With Labor Day past, the homel stretch of the 2018 election season has officially begun. Over the next two months, people who’ve paid little attention to the news or politics will start to tune in. Candidates will begin their paid communication programs in earnest.

The political environment right now heavily favors Democrats. A Washington Post/ABC poll released yesterday shows the generic Congressional ballot favoring Democrats by 14%. The Real Clear Politics average gives Democrats a 9.5% advantage. Back in 2006, the last Blue Moon election in NC and the last Democratic wave, that average was 6.5%. It’s hard to see Democrats having a bad night on November 6.

That said, the political environment is volatile. Just a decade or so ago, the post-Labor Day political environment was pretty much set. In the age of social media, that’s no longer true. In 2014, the environment soured for Democrats in September and October with ISIS and Ebola. In 2016, the two month period before the election felt like a roll-a-coaster with Clinton up one day and Trump up the other.

While Democrats will likely have a good night, some factors could dampen it. First, if the Trump voters who showed up in 2016 come out again, they could give Republicans a better turnout than expected. Second, an unforeseen scandal could rack Democrats but so far, that’s been more the GOP’s problem. Third, they could get distracted by issues like Confederate monuments that matter a lot to the Democratic base but not so much to older Democrats and independent voters. Finally, the strong economy might mollify some voters, making the cycle more of a status quo election, than a change one.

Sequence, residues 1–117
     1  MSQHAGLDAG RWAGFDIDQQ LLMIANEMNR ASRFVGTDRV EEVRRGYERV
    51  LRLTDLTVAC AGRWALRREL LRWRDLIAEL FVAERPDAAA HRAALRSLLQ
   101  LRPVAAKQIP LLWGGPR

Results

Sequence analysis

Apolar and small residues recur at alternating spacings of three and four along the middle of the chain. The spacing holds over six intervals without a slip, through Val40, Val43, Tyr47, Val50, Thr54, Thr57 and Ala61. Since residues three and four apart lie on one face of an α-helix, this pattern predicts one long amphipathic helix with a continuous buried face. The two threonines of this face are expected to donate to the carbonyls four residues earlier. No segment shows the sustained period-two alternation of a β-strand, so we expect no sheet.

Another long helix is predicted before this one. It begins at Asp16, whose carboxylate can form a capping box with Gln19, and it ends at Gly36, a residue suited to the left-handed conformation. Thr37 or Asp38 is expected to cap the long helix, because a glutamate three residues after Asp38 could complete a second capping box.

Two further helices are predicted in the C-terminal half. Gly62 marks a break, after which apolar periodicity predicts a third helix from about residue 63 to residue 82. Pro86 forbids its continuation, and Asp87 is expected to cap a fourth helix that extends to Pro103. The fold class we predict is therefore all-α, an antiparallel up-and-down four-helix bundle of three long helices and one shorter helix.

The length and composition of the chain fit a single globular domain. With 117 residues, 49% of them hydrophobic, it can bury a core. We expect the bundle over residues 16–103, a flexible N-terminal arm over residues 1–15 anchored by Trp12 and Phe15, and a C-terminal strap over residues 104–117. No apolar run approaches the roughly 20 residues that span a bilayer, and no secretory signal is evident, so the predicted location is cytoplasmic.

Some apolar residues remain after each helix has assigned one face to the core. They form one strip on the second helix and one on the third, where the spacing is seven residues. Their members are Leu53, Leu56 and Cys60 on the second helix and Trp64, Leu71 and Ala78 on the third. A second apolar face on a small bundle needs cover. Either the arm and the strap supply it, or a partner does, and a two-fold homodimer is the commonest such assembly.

For Republicans, they face challenges with the on-going scandals in both the White House and with Members of Congress. Also, the tax bill, the issue they wanted to run on, is not that popular and failed to put money in the pockets of the middle class. In their attempt to repeal Obamacare, Republicans have a lawsuit moving through the courts right now that could strip away insurance from people with pre-existing conditions. At a time when health care the top domestic issue on people’s minds, that’s a landmine that could explode at just the wrong time for the GOP.

Democrats will almost certainly see gains in November. What happens between now and November 6 will determine whether they are minor gains or major ones. In North Carolina, minor gains would be overcoming the veto-proof majority in one of the houses of the legislature. Major gains would be picking up a house or winning a GOP Congressional seat or two.


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